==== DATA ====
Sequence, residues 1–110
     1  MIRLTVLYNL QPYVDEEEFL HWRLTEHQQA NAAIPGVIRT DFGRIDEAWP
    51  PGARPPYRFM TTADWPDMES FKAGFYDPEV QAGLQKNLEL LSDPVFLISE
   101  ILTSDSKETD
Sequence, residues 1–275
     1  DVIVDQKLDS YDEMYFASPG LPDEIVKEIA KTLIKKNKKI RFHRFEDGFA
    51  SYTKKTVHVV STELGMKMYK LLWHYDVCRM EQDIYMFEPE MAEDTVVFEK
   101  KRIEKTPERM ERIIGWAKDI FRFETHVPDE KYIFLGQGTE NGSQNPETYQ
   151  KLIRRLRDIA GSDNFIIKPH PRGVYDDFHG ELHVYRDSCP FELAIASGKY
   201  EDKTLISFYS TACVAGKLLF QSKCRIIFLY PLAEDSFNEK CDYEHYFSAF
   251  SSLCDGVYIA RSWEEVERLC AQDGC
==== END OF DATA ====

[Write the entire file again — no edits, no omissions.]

Sequence, residues 1–110
     1  MIRLTVLYNL QPYVDEEEFL HWRLTEHQQA NAAIPGVIRT DFGRIDEAWP
    51  PGARPPYRFM TTADWPDMES FKAGFYDPEV QAGLQKNLEL LSDPVFLISE
   101  ILTSDSKETD
Sequence, residues 1–275
     1  DVIVDQKLDS YDEMYFASPG LPDEIVKEIA KTLIKKNKKI RFHRFEDGFA
    51  SYTKKTVHVV STELGMKMYK LLWHYDVCRM EQDIYMFEPE MAEDTVVFEK
   101  KRIEKTPERM ERIIGWAKDI FRFETHVPDE KYIFLGQGTE NGSQNPETYQ
   151  KLIRRLRDIA GSDNFIIKPH PRGVYDDFHG ELHVYRDSCP FELAIASGKY
   201  EDKTLISFYS TACVAGKLLF QSKCRIIFLY PLAEDSFNEK CDYEHYFSAF
   251  SSLCDGVYIA RSWEEVERLC AQDGC